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Prison massacres were gang related, point out lack of guards and equipment

Published on March 03, 2021

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The massacre in three prisons in Ecuador, which occurred on February 23rd, reflects “a high level of corruption in the prison system and the power of drug trafficking within and without,” says Colonel Mario Pazmiño, former director of intelligence for the army. The massacre left 79 dead in the prisons of Guayaquil (37), Turi (34) and Latacunga (8).

According to officials, the riot began as several rival prison gangs fought for leadership. Authorities claim that the battle for control began back in December when Jorge Luis Zambrano “Rasquiña,” leader of Los Choneros, the most powerful gang within Ecuadorian prisons, was murdered in a shopping mall in Manta, Ecuador, a few months after being released.

Ecuador’s director of the National Service of Comprehensive Attention for Persons Deprived of Liberty and Adolescent Offenders (SNAI), General Edmundo Moncayo, said, “We expected an immediate reaction [to Zambrano’s death], but the reaction had been delayed…and well planned.”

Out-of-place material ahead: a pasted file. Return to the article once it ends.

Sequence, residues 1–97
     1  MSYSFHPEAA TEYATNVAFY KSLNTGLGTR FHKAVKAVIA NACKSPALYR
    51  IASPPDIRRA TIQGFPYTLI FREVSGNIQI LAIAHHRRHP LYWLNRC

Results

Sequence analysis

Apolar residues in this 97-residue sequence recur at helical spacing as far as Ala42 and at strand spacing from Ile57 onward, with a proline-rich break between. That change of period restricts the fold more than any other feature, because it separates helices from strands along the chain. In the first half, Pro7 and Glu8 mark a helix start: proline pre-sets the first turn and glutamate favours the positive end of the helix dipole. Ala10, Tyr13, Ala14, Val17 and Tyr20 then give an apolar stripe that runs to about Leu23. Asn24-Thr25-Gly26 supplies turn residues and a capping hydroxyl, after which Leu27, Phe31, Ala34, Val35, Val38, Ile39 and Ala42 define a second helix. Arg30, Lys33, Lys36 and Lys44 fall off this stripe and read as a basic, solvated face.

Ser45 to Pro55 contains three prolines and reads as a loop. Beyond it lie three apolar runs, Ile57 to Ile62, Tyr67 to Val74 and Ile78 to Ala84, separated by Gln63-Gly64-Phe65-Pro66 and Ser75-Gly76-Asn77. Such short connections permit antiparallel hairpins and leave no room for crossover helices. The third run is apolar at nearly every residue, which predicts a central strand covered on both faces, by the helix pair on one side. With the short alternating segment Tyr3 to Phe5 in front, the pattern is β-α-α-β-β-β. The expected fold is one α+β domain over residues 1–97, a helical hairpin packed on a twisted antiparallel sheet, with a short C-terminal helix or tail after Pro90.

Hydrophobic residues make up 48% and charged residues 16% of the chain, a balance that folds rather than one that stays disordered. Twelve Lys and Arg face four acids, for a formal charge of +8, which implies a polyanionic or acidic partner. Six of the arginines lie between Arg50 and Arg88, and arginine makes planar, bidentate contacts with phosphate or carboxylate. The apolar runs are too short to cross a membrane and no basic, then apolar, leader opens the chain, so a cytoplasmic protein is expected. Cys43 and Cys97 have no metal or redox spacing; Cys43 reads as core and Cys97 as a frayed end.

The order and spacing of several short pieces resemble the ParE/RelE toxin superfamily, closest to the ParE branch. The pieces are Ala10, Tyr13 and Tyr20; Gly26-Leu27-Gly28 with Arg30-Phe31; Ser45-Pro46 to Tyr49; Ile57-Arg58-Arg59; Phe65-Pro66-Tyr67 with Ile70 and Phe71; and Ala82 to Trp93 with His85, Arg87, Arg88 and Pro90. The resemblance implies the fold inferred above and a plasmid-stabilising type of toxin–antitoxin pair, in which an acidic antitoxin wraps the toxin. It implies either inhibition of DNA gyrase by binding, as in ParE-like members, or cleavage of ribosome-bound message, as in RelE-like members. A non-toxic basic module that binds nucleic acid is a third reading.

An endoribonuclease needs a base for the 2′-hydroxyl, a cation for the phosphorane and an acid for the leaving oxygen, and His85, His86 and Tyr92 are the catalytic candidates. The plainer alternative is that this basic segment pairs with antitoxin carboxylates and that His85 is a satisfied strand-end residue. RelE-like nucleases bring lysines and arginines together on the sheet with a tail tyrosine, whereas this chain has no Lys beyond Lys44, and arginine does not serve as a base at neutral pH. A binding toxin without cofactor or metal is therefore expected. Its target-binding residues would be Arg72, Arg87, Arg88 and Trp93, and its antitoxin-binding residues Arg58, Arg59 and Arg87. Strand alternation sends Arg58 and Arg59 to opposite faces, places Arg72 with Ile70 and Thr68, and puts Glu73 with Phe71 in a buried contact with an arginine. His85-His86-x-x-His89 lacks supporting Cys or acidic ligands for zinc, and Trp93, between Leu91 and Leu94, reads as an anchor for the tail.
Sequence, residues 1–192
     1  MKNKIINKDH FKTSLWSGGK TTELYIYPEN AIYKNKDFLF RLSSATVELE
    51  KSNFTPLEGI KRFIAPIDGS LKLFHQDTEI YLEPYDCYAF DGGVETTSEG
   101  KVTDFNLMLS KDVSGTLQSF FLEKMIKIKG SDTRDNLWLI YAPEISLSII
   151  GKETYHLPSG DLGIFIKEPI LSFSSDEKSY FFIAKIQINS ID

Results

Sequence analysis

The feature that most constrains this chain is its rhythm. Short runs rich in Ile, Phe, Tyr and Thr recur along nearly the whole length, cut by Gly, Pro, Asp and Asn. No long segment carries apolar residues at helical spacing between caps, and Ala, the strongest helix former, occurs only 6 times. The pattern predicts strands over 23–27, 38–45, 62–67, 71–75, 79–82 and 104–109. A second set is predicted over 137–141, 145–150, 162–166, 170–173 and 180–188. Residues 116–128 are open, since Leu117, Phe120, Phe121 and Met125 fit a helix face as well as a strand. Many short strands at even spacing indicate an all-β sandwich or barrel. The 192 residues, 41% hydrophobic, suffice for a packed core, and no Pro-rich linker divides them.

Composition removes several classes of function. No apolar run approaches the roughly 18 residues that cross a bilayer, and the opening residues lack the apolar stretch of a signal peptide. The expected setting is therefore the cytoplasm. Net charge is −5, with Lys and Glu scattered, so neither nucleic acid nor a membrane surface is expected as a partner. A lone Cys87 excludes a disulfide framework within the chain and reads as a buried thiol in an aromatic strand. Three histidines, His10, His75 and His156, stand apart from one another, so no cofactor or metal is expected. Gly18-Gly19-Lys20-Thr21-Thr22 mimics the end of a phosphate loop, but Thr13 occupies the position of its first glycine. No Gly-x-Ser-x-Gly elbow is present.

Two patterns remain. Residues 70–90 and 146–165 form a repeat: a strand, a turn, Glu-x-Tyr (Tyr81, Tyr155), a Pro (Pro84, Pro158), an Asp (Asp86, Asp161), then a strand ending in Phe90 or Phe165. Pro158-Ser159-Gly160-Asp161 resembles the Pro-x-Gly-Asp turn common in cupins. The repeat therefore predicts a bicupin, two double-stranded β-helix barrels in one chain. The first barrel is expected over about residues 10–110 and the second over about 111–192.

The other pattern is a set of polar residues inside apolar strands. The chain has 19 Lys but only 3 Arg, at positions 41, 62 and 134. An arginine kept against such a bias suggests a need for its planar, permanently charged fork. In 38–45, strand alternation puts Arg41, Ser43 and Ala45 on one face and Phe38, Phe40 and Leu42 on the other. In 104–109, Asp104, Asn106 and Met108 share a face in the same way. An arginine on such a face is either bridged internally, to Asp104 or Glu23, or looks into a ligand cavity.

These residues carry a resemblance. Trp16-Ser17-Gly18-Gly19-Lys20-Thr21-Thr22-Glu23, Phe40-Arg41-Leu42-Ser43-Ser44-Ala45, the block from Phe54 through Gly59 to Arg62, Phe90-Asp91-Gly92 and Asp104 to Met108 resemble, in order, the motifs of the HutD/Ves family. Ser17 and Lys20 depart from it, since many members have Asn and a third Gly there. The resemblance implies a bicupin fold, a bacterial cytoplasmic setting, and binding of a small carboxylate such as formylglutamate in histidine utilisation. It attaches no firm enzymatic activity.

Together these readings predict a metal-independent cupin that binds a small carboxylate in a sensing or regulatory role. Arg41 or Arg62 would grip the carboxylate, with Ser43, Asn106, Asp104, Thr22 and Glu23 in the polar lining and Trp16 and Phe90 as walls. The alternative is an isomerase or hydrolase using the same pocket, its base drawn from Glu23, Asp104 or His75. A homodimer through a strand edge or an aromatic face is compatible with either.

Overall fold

He also said that at least four criminal organizations were involved in the riots: Los Pipos, Los Lobos, Tiguerones and Chone Killer’s.

Pazmiño pointed to drug trafficking as the main trigger for the prison crisis.

“The ‘megabandas’ that are inside the prisons belong to the cartels of Sinaloa, Jalisco Nueva Generación and Del Golfo that have a relationship, I would say directly, with some of the groups or ‘megabandas’ of the prisons.”

The three mentioned organizations are originally from Mexico and are dedicated to drug trafficking and arms trafficking.

Ecuador is not just a country of passage

For government control to return to prisons, Pazmiño says it is necessary to champion a strong fight against drug trafficking.